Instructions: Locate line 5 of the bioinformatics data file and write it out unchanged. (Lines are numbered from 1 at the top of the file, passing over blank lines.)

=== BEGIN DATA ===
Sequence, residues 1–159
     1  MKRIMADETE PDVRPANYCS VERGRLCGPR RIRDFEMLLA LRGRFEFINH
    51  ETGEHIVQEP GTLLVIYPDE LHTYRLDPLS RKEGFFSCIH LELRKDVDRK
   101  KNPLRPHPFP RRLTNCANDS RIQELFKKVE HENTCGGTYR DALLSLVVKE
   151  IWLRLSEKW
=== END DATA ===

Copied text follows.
   151  IWLRLSEKW